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could not have been known that that day was ordained for a day of holy rest, which before was none.'
Bramhall also says, The first sabbath that we find in holy scripture to have been ever observed by the Israelites, was in the wilderness, upon the seventh day after the first falling of manna, which was the two-and-twentieth day of the second month; but it is evident that the fifteenth day of the same month, which ought to have been their sabbath or day of rest, if they had constantly observed any sabbath, or weekly day of rest, before that time, was not observed as a sabbath or day of rest at all, but spent in journeying and in murmuring. Exod. xvi. l. From whence one of two things must necessarily follow ; either that the Israelites in the wilderness (when they were at their own disposition) did observe no weekly sabbath before that time; or that they observed it not upon the same day of the week that they did afterwards. Whethersoever of these they admit, either the one or the other, their pretended necessity of the universal observation of the seventh day from the first creation by virtue of a positive law of God, given to all mankind, doth fall flat to the ground.'
It may seem hopeless to struggle, when laid “flat on the ground' under the horns of such a dilemma; but I trust to the truth to set me free,' and enable me to cut off both those horns assuming so irresistible a front, or, in plain English, to show that they are both altogether erroneous.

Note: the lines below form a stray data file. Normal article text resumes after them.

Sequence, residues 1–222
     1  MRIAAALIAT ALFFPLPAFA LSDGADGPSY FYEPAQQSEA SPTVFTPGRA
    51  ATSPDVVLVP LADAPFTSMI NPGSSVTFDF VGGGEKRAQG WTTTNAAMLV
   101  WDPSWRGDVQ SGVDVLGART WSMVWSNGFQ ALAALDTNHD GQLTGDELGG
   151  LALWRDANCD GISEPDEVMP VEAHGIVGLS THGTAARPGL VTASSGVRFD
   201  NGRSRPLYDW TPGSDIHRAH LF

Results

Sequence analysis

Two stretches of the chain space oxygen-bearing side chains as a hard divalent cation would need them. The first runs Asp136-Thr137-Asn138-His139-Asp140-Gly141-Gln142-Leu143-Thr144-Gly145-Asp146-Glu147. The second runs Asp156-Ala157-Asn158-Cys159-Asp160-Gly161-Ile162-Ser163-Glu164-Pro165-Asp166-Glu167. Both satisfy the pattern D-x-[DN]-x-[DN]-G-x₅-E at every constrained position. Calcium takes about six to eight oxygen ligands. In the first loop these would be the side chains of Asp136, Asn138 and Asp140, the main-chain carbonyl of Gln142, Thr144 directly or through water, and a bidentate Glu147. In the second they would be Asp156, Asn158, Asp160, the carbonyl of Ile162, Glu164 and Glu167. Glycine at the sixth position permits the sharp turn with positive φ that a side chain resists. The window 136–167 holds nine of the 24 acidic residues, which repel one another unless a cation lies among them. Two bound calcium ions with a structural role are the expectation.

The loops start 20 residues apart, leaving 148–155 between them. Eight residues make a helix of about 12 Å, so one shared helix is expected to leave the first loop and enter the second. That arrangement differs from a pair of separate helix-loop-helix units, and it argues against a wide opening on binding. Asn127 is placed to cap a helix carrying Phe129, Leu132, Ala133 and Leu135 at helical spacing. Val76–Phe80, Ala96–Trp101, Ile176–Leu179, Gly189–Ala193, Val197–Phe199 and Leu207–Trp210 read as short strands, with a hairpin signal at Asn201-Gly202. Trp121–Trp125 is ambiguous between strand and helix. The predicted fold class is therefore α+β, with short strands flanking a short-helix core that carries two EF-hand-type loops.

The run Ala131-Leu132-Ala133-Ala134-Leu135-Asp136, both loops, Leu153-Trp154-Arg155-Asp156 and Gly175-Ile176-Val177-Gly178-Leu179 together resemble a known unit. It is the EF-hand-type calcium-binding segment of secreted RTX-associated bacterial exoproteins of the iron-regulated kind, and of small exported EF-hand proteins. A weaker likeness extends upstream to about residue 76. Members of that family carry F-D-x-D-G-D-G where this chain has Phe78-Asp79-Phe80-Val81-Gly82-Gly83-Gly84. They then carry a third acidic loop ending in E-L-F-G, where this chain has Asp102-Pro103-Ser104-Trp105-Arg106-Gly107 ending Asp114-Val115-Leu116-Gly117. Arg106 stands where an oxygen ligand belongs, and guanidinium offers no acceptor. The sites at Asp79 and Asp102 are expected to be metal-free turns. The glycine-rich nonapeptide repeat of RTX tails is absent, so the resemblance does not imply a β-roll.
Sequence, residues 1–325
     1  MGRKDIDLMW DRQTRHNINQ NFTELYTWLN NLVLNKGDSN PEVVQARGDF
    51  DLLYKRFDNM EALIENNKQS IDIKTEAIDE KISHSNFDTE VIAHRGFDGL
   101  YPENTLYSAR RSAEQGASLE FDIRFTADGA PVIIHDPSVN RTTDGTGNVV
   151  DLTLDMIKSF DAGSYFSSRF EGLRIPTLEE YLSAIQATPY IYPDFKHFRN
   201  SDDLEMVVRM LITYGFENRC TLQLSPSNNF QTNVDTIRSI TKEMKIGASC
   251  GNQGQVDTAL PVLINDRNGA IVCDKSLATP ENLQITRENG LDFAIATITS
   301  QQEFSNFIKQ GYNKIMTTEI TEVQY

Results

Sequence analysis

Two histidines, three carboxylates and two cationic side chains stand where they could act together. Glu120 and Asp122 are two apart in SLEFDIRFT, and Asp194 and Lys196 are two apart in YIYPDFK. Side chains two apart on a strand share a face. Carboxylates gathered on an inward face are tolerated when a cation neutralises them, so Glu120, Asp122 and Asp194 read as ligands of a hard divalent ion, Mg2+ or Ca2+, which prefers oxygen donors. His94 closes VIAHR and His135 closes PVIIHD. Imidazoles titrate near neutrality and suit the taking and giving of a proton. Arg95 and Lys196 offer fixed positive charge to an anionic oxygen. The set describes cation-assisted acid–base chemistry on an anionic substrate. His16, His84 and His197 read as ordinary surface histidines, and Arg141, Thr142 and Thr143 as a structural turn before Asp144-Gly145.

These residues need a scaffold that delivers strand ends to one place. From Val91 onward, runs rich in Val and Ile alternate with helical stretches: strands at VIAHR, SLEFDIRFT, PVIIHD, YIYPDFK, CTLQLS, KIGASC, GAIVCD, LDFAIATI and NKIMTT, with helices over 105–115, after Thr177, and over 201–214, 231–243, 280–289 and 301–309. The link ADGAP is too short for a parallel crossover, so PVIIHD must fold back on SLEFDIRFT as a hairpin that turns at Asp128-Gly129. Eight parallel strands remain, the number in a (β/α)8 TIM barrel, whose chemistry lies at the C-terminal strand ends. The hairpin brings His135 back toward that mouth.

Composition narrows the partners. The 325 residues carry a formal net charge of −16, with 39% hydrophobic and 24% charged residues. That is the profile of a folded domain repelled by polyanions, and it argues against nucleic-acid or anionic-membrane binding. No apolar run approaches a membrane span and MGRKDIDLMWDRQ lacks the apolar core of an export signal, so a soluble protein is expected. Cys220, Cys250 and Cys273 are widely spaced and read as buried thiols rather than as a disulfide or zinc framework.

We are all agreed that the Israelites came to the Wilderness of Sin on the fifteenth day of the second month, exactly a month after their departure from Egypt; but we agree no farther. The common error of these three great men is the supposition, that quails were sent that evening of the fifteenth, and the manna next morning, and so on for six days, and that the sabbath was on the twenty-second. All this I expect to show to be erroneous by incontrovertible proof. And by the same kind of proof, I expect to establish the following to have been the real particulars and circumstances of the transaction. “I speak as unto wise men: judge ye what I say.” They came to the Wilderness of Sin late in the evening of the fifteenth, the day of their journey from Elim. They continued murmuring a great part of the night, in the course of which the quails and manna were promised through Moses, and at the same time he announced that the glory of the Lord, the symbol of the divine presence, should appear neat morning, that is, on the sixteenth, at which time it did appear, and then they were told by God himself that the quails should come in the following evening, and manna the next morning; that is, on the evening and morning of the seventeenth. That day on which these promises were given from the divine presence, was the sixteenth, and the seventh before the manna sabbath (if I may so call it). And on that day they did rest, because it was the sabbath ; a divine communication was granted, because it was the sabbath, and the granting of the quails and manna was suspended until the day was over, (notwithstanding their urgent necessity,) because it was the sabbath. So soon as that day was over, viz. at even, at six o'clock, which with them was the commencement of the next or first day of the week, or seventeenth of the month, the quails came; and in the following morning of the same day, the manna was sent: and so on for six days, and the seventh was the manna sabbath, which was the twenty-third day of the month, and not the twentysecond, as our authors suppose. If I establish these points, all their arguments fall flat to the ground, and the proof will be all in our favour. And I expect, moreover, to find in this chapter, on close inspection, several intimations and proofs, that the sabbath was not then instituted for the first time, but previously known,—the institution known and remembered, but the precise day, perhaps, forgotten during their captivity.